Not only the sports appeal, Pepsi also has a certain edge over Coke in the local pronunciation of its name. Indians relate to Pepsi more and understand it as catch all term. “Pepsi got here sooner, and got to India just as it was starting to engage with the West, and with Western products,” said Lalita Desai, a linguist at Kolkata’s Jadavpur University who studies how English words enter Indian languages. “And with no real international competition, ‘Pepsi’ became this catch-all for anything that was bottled, fizzy and from abroad” (Bloomberg, 2010).

Another reason for Pepsi’s success in South Asia is its strong bottling plant network. “Although Coca Cola India owns 70% of its bottlers, many of them have outdated operations inherited form its acquisition of Parle Agro Pvt Ltd.” While Pepsi “has been encouraging bottlers to form joint venture partners and supports them with best practices form their own bottling operations” (Majumdar, pg. 231 3ed).

However Coke has finally struck the right cord and found music as its platform to compete with Pepsi in South Asia. In Pakistan Coke is gaining market share since the launch of ‘Coke Studio’ a music show in which various artist perform fusions of classical and semi classical music with more modern and contemporary songs to create a tasteful Coke experience. ‘Coke now claims 35% of all cola sales in Pakistan, Pepsi’s market share is now down to 65% from a high of 80% in 1990s which was achieved mainly through sponsorship of cricket in Pakistan’ (Wright,WSJ 2010).

Both MNCs follow similar strategies in China as they get huge revenues from the 1.33 billion Chinese population. ‘Both announced to spend roughly $2 Billion each in investments on bottling plants in the next three years in China’ (Atlanta Business News, 2010).

The Cola Wars in Asia, on one hand have heated up the competition in beverage category and been beneficial for consumers in the form of great variety and better products. But on the other hand both have made several mistakes and paid dearly for them. In the “Contamination Allegation Water Usage” section in the case both Coca-Cola and Pepsi got sued because they contained significant levels of pesticide residue in their drinks. Both companies denied the charges because their argument was that they were required by law to use local own products and the extensive use of pesticide in Indian agriculture had resulted a minute degree of pesticide in sugar used in their drinks. They also argued that their products are safe and they measured that against the most stringent standards. After this argument the case was dismissed because the Indian government had nothing to say to the fact that they were the ones who had this problem in their agriculture products. (Rudenko, 2007).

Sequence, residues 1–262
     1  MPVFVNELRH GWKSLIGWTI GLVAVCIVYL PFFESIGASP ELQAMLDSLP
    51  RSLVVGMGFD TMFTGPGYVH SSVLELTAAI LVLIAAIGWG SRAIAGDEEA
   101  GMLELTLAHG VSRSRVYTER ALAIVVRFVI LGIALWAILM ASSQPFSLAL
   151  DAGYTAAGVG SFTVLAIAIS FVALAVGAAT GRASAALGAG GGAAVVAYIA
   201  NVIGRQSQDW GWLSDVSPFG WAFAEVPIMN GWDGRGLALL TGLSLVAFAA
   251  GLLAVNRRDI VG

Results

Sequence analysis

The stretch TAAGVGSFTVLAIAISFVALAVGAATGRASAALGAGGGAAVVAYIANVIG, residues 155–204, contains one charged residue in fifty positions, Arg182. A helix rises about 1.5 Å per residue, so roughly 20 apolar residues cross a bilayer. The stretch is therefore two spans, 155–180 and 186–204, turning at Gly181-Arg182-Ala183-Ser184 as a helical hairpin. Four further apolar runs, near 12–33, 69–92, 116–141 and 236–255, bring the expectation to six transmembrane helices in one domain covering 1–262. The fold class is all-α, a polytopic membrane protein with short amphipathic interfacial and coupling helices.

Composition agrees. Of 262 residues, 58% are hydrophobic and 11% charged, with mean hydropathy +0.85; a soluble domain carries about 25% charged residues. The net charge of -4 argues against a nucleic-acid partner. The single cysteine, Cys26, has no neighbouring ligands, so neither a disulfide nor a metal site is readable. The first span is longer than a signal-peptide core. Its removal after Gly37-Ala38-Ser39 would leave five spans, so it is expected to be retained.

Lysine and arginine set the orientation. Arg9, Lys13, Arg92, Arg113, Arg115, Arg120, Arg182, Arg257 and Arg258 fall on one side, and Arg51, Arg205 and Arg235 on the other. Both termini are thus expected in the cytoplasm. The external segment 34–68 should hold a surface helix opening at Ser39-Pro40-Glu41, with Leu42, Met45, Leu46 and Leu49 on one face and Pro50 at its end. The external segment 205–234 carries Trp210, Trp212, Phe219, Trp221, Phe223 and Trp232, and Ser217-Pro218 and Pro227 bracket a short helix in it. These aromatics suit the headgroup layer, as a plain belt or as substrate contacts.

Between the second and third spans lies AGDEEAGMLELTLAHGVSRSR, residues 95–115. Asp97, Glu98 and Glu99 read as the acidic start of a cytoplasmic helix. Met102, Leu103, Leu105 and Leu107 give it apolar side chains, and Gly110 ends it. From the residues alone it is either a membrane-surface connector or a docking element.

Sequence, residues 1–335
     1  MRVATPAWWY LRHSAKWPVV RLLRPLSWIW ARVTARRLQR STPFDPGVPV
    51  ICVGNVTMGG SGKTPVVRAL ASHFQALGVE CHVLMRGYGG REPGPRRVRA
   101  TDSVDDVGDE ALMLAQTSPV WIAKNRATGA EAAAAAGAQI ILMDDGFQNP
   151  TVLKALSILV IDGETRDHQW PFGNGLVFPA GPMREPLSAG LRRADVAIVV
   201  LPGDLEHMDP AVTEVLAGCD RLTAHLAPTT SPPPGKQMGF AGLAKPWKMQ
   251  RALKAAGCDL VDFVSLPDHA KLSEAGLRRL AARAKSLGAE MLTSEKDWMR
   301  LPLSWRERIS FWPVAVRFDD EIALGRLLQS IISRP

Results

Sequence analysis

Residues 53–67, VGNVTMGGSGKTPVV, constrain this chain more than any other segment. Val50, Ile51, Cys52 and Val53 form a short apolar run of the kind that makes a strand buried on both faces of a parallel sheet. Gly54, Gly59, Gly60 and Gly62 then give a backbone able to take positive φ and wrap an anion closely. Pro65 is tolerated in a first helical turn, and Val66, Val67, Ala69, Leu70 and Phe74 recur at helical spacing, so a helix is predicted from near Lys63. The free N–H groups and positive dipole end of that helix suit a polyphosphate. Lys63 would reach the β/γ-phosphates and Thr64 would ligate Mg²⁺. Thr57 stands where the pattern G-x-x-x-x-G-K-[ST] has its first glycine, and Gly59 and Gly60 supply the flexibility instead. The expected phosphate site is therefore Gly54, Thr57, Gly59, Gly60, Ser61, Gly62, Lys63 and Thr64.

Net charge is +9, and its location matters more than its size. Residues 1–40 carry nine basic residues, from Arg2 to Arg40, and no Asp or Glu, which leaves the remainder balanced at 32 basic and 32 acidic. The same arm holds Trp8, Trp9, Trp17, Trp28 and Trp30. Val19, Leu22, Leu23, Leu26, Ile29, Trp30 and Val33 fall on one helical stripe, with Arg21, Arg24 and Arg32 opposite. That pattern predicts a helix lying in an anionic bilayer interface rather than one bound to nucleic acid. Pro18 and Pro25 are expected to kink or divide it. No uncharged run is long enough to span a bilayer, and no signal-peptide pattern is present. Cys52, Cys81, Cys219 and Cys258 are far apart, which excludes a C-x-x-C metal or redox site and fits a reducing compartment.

“Numerous NGOs both inside and outside India accuse Coke, among other “crimes,” of sucking local Indian communities dry through excessive pumping. But the water allegations remain unproven. Kerala’s highest court rejected such claims in April, noting that wells there continued to dry up last summer, months after the local Coke plant stopped operating” (Stecklow, WSJ 2005).

In China, a well quoted branding disaster of Pepsi occurred when the Pepsi tagline “Come Alive with Pepsi’ was translated in the local tongue as “Pepsi Brings your Ancestors Back from the Grave.” In 1997 a Coke commercial in India that showed a young child bungee jumping to get a chocolate bar had to be withdrawn after several children died trying to imitate the advertisement. (Ciochetto, 2004).

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Amid such controversies and negative publicity, both Coca Cola and Pepsi have found new and improved ways of selling their product to the masses. To increase revenue and tap the rural market both soft drink makers started selling in smaller SKUs at affordable prices. Internet marketing is on the rise as more and more Asians become tech savvy and income levels get better. Today both companies have understood that to survive in this Asian market they have to adapt to the local traditions, understand their ambitions and aspirations of the people and deliver messages consistent with norms and customs. It seems Pepsi and Coke are now almost neck and neck in the South Asian region too. Only time will tell who gains greater share but both seem to be making strategic moves with Coke expanding into juices segment (Minute Maid) for a small and steadily burgeoning health conscious population, while Pepsi makes inroads in Snack foods and tea categories. But whatever be the case, the Cola wars are not about to end anytime soon.